responsibility. Suffice it to say that the housing bubble wasn't uniform
over the US, and certainly not over all developed countries. Therefore,
either the markets were differentially manipulated, or some countries had
"better" regulation than others.
Or some states. I think (at least within the US) some areas had better
personal regulation. The majority of people did not get suckered in
because of their internal regulation more than government regulation.
"Even I realized that money was to politicians what the ecalyptus tree is to
koala bears: food, water, shelter and something to crap on."
Don't forget the clueless or greedy individuals who signed up for loans
they knew damn well they could not afford. I blame them as much as I
blame the hucksters that invited them into the tent. I could have gotten
paper for twice as much house as I bought, but saw no point in it. And
even with the housing crash, I think I could still sell this place for
as much as I paid for it. No profit, especially once you subtract out
repairs, interest, taxes, etc, but I am far from upside down. 'Blue
collar' houses didn't crash near as bad as McMansions.
Many were worse; no-doc loans with nowhere near the real income needed to
support the payments.
I put 50% down. I could *easily* have bought twice the house (and the one we
bought could be considered a McMansion - 2600ft^2). I never took a second on
a house, either. Other than an addition (garage) on our first house I never
pulled any money out of equity. That's just dumb.
I'd lose some, but I've also paid more off than it's gone down. I'm nowhere
close to the water line.
It's all about location. Most housing is now below the cost of replacement.
That can't last forever either.
These bubbles are not anybody's plot although there were people
exploiting the situation. There were some smart builders who saw the
end of the party coming as soon as 3q2006. They stopped building
"inventory" units (only building "pre-sold houses" with $50k down) and
they tried to avoid selling to "investors", generally defined as
anyone with 2 existing mortgages. This tended to preserve the
communities that they were developing and they did not have that many
foreclosures. Other developments where they used less discretion,
became ghost towns.
It is easy to say the bankers were the only greedy ones but you can't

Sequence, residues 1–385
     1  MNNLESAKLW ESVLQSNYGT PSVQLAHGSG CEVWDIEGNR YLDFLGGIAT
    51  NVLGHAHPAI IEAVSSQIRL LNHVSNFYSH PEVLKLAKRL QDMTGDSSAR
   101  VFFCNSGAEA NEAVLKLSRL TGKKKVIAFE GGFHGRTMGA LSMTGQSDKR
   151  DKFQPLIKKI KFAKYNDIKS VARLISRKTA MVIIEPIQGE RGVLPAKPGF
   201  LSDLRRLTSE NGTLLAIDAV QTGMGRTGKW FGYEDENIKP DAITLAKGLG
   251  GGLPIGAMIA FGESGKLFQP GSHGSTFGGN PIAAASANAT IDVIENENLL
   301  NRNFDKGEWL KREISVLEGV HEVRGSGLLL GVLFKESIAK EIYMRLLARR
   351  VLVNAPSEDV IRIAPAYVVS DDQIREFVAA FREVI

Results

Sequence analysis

ignore the greed of buyers who entered into contracts they had no real
way of honoring, in the hopes that they could "flip" the house at a
profit before they had to pay the higher "adjusted" rate they signed
The victims were the ones who bought a homestead in that inflated
market. I tried to talk as many of those people I could into renting
until things settled down. The smart ones did and I know one guy who
lived rent free for over 2 years while the house he rented went
through a protracted foreclosure process. In real life, he could still
be living there because it is still hung up in court but he had a
chance to buy a house at a price he couldn't refuse. He had 2 years
rent to put down on the house ... almost $40,000. He only paid $80k
for the house.
We had 125% equity loans here from the late 70s. I knew this was going
to crash eventually as soon as I saw that happening. They were not
even selling these loans for home improvements and other capital
outlays. They were saying "take that cruise you always wanted".
Houses had to sell for more because people owed more for them. When I
bought this house in 1984 it was a general rule that you could have a
house built cheaper than buying an occupied one.
At a certain point, I knew this could not last. It was only a pair of
cascading bubbles, the 90s stock market bubble, coupled with the real
estate bubble that kept it going so long but that made the crash so
much harder. We were really paying for the sins of two bubbles, not
just one. Without the deregulation of the 90s and the ability to
generate phony money out of thin air, we would have cratered in 2000
because there would not have been the capital for a real estate boom.
On 4/24/2011 10:00 AM, firstname.lastname@example.org wrote:
What is this "free market" thing you keep mentioning? If we had "free
markets" all of the pirate banks and Wall St folks who were involved in
mortgages and CDOs and other clever stuff would have been responsible
for their greed and gambling debts and their carcasses would have been
picked over by others. Instead we rushed to their aid with bailouts spun
with a "too big to fail" marketing campaign.
You mean our current socialism for big business and capitalism for
everyone else system?
Even in the case of Microsoft, it's not a monopoly. There are other
operating systems, most notably Apple with the MAC OS and Linux.
You can run those on a computer as well. There are also open
alternatives to the common Microsoft office apps. I expect
being a free thinking anarchist, you're probably using one or more
of those alternatives.